Pope Alexander V is a difficult man to categorize. Sometime around 1339, a child was born near Neapoli, on the island of Crete, or Candia, as it was called. His parents and relatives soon disappeared, and he was left to his own devices, becoming a beggar on the streets. Since Crete was part of the Republic of Venice at that time, it was not unusual for Italian priests to be there serving the communities. An Italian Franciscan found the homeless child and gave him an elementary education. The child was baptized Pietro Phillarges.

He joined the order while still in Crete. A bright young man, the priest sent Pietro on to Italy for further education. The order sent him on to Oxford University and then the University of Paris where he studied theology. While in Paris, he was a professor, a preacher and a writer. And, while in Paris, the Western Schism began. Pietro supported Urban VI (1378-1389).

Leaving Paris, Pietro returned to Italy and became the tutor of the sons of the Duke of Milan, Giangaleazzo Visconti as well as the Duke’s personal ambassador. The Duke sponsored Pietro’s rise through the ranks of the Church, becoming bishop of Piacenza in 1386, bishop of Vicenza in 1387, bishop of Novara in 1389 and archbishop of Milan in 1402. Three years later, Pope Innocent VII made him a cardinal and then confirmed him as papal legate to Lombardy.

At this point, Pietro devoted himself to the reunion of the Church, which currently had two popes, Innocent and Benedict XIII. Innocent died and Gregory XII reigned in his place while Benedict chose to stand his ground. A number of Roman and Avignon cardinals, including Pietro, promoted a Council in Pisa in 1409. As one of the leaders, Pietro approved the withdrawal of required obedience that the cardinals owed the pope. Pope Gregory was so incensed that he ordered Pietro’s loss of his benefits as archbishop and cardinal.

At the Council, Pietro gave the opening address and presided over the meetings. He was quite demanding in his remarks, declaring the schism the fault of both popes. The cardinals joined him in declaring both of them deposed and the Chair of Peter vacant. Then he was unanimously elected the new pope, taking the name of Alexander V. The coronation took place 26 June 1409. The plan of the cardinals was to elect him and force the other two to abdicate. It did not work.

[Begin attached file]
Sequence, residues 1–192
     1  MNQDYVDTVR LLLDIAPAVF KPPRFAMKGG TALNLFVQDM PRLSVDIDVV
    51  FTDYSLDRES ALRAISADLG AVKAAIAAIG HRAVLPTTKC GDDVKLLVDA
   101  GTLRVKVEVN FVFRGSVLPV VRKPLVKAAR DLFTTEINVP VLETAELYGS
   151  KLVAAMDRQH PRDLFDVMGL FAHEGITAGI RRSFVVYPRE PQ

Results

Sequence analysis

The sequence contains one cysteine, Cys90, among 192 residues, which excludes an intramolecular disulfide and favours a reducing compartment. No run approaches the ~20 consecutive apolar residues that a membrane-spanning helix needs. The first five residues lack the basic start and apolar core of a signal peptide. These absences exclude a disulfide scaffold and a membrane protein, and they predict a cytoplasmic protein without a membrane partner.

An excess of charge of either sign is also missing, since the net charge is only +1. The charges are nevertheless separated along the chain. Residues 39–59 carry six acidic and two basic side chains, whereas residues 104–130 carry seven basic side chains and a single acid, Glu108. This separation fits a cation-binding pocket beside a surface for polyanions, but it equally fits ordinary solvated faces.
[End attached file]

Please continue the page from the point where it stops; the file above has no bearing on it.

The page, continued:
Most of Europe proclaimed Pope Alexander to be the true pope, except for Aragon and Scotland, who supported Benedict of Avignon and several Italian city states who continued to support Gregory XII.

Pope Alexander’s aim was to broaden his support with the help of France, including Louis II of Anjou. So, he removed King Ladislaus from Naples and gave the kingdom back to Louis. Now, the only problem was that he could not get back to Rome. Ladislaus had the entire area under his control. Louis did not capture Rome until 1410, where Alexander was declared pope.  The promises of reforms he made, like abandonment of the “spoils” system and the re-establishment of canonical elections in cathedrals and monasteries, came to nothing. But he did give out monetary favors to mendicant orders, like the Franciscans.

Within months, Cardinal Baldassare Cossa of Bologna detained the new pope. On the night of 3 May 1410, Pietro of Candia, Pope Alexander V died suddenly. There was a rumor at the time that he was poisoned. But that is no longer accepted. He was buried at the Church of St. Francis in Bologna.

Cossa was elected within a short time. He took the name Pope John XXIII.

At first, Alexander was considered a legitimate pope and Gregory was said to have ended his official reign in 1409 and that John XXIII followed. But, in 1958, Giuseppe Roncalli proclaimed Popes John I through John XXII had “indisputable legitimacy”, implying that John XXIII did not. Roncalli took John XXIII for himself. Today, the old John XXIII and Alexander V are considered antipopes. Alexander V’s name still remains in the numbering sequence because Rodrigo Borgia took the name Alexander VI in 1492, long before the dispute arose.